Your idolatry to control your life is one giant lie that God cannot satisfy you. Your refusal to seek him led you to seek something else that promised no disappointment, no pain, no struggle, no problems.

But now you need to learn from God that your control was an illusion. You thought being in control would give you what you needed. And now your continued desire for control will also lead you to think that you need to—and can—fix this relationship and get it back on its feet. But that’s not going to work this time.

This time, you are going to have to deeply rely on God to fix this. You can’t fix this on your own. At this point, your promises, your new intentions, your new behavior are going to have to be seen to be believed. Over time. Over a lot of time.

You must now learn not to depend on yourself—your “wisdom,” your schemes, your manipulations. You can’t make this thing work. It’s in the mess that you have made of things that God is trying to make himself real to both you and your wife. It’s in the brokenness that God slowly brings new life.

Don’t push this, don’t rush this, don’t expect things from your wife. Don’t pressure her to heal faster than she can. Love is a long road. It’s worth the trip. She needs to go at her pace, and you will need to learn to love her at that pace.

God is in the business of redeeming lives, but he also insists on doing it his way. You’ve got to learn this yourself. Are you willing to be a disciple, willing to walk with her at his pace? Then realize that his pace for you includes the time your wife needs to heal. When you give her space, you walk at your master’s pace.

With the recent news of the Ashley Madison hack and the exposé of a number of Christian men who either had signed up for the service or, worse, actually used it, Bob Heywood gives his thoughts on what some of the first steps need to be on the part of the offender. Bob lived through his own journey of needing to rebuild trust with his wife after years of secretive pornography usage. This three-part series does not answer the legitimate question of whether the offended spouse should stay or leave, but if the marriage is to survive and grow, these first few steps will be critical.

You’ve been found out. You’ve messed up and you’ve messed up big time. You have violated the boundary lines of sexual activity that God has put in place, and you have crushed your wife. You think you know how bad it is. But chances are good you still aren’t thinking clearly right now. You haven’t a clue how deep sexual betrayal runs. You can feel the pain you caused, but you still don’t know all the ins and outs of your sin.

The real issue right now for you is this: Will you honestly look at the damage you have done to your wife, and to your marriage? Will you name it and own it?

The worst first step you can make is to say “I’m sorry” and plead that you won’t ever do it again. Sorry is not going to be enough this time, even if you think it will ease the pain. But whose pain are you trying to heal at this point? If your goal is to get rid of the pain and move on, then you are just doing what your sexual sin was trying to accomplish in the first place: rid yourself of pain.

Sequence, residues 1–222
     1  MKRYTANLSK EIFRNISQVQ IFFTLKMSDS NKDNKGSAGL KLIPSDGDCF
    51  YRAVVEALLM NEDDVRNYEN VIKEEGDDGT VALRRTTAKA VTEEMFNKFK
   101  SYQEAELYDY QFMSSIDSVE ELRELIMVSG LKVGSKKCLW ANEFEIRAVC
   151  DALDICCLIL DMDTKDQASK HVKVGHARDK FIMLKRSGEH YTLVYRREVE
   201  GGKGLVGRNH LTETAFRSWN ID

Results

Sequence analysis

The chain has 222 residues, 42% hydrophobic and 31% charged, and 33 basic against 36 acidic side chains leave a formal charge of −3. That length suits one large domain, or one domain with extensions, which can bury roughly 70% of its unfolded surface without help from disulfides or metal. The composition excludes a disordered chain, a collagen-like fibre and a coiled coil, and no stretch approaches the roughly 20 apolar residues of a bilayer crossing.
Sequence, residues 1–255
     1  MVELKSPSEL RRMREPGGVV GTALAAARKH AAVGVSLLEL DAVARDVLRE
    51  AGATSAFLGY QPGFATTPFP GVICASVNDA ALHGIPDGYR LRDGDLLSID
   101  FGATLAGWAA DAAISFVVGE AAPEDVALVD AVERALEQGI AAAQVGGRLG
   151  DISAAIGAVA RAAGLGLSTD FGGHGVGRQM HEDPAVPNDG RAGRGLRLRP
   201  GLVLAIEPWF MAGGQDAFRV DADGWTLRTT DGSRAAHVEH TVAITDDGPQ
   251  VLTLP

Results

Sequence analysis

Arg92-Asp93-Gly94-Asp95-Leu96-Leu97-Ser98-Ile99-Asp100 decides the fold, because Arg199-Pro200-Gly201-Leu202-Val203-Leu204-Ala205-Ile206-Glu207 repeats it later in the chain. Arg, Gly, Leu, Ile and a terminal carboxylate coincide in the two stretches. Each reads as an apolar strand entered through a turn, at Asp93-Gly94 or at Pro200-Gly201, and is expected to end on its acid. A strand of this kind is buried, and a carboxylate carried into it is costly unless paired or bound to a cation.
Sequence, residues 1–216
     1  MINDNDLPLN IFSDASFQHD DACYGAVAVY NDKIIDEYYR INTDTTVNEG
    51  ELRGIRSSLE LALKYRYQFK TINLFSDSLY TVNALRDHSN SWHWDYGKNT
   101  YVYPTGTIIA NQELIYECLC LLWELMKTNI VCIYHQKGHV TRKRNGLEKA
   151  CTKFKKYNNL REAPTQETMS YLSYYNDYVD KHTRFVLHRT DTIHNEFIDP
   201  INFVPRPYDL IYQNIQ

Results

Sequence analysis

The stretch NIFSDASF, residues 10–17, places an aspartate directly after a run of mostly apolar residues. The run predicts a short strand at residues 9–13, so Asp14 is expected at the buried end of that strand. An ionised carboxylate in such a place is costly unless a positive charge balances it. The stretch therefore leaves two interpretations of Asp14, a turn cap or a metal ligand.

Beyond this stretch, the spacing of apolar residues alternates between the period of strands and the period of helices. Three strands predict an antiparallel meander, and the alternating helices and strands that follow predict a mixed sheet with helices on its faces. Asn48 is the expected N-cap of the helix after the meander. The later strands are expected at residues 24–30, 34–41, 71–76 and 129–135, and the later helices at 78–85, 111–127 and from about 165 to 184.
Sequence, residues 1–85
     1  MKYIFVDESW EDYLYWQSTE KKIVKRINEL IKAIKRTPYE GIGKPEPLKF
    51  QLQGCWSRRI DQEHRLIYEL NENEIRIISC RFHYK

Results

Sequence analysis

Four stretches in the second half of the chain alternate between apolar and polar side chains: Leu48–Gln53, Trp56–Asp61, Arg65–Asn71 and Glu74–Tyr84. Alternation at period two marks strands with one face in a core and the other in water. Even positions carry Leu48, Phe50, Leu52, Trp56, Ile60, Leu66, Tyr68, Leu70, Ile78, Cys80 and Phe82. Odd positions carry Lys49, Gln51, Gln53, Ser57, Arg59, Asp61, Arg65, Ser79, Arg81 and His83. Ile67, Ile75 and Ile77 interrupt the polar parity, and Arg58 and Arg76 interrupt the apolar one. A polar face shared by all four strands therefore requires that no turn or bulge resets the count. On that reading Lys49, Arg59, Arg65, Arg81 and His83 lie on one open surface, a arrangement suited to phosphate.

As much as you might want to put your marriage back together, I believe the real issue is not about how couples move forward again or how they are going to pick up the pieces.

The real issue right now for you is this: Will you honestly look at the damage you have done to your wife, and to your marriage? Will you name it and own it?

You have to own up to the fact that your behavior has crossed lines that bring death to a relationship. We can speculate about what Adam and Eve were thinking about before they ate the fruit. But it was when they ate the fruit that death occurred. They crossed the line, and everything changed.

By doing what you did, you crossed the line; you’ve eaten the forbidden fruit. Everything has changed now. The fallout is deeper than you think. Maybe Adam and Eve wouldn’t have eaten the fruit if they could have seen the possibility that their one action would eventually lead, through uncountable years of human history, to a world overrun with violence and suffering. But that doesn’t really matter right now. We are living in a world that they created, and we keep sustaining. So you must face your own self-made catastrophe because you didn’t consider the consequences.

No matter how your wife found out about your sexual sin (whether you got caught or you confessed), she now needs to process the fact that she doesn’t really know who you are. A whole chunk of your life has been lived in secrecy from her. Now she feels like she has been living with a stranger all these years. You may think this isn’t so big a deal, but it is. Can you imagine what the wife of Dennis Rader felt after finding out that she was married to a serial killer for 30 years? For three decades she related to a man who lied to her every minute of every day. I know that sounds like an over-the-top example, but do you get the point? How can your wife easily trust you again, when (for how long? how many years?) you presented a part of yourself to her, every minute of every day, that was a lie?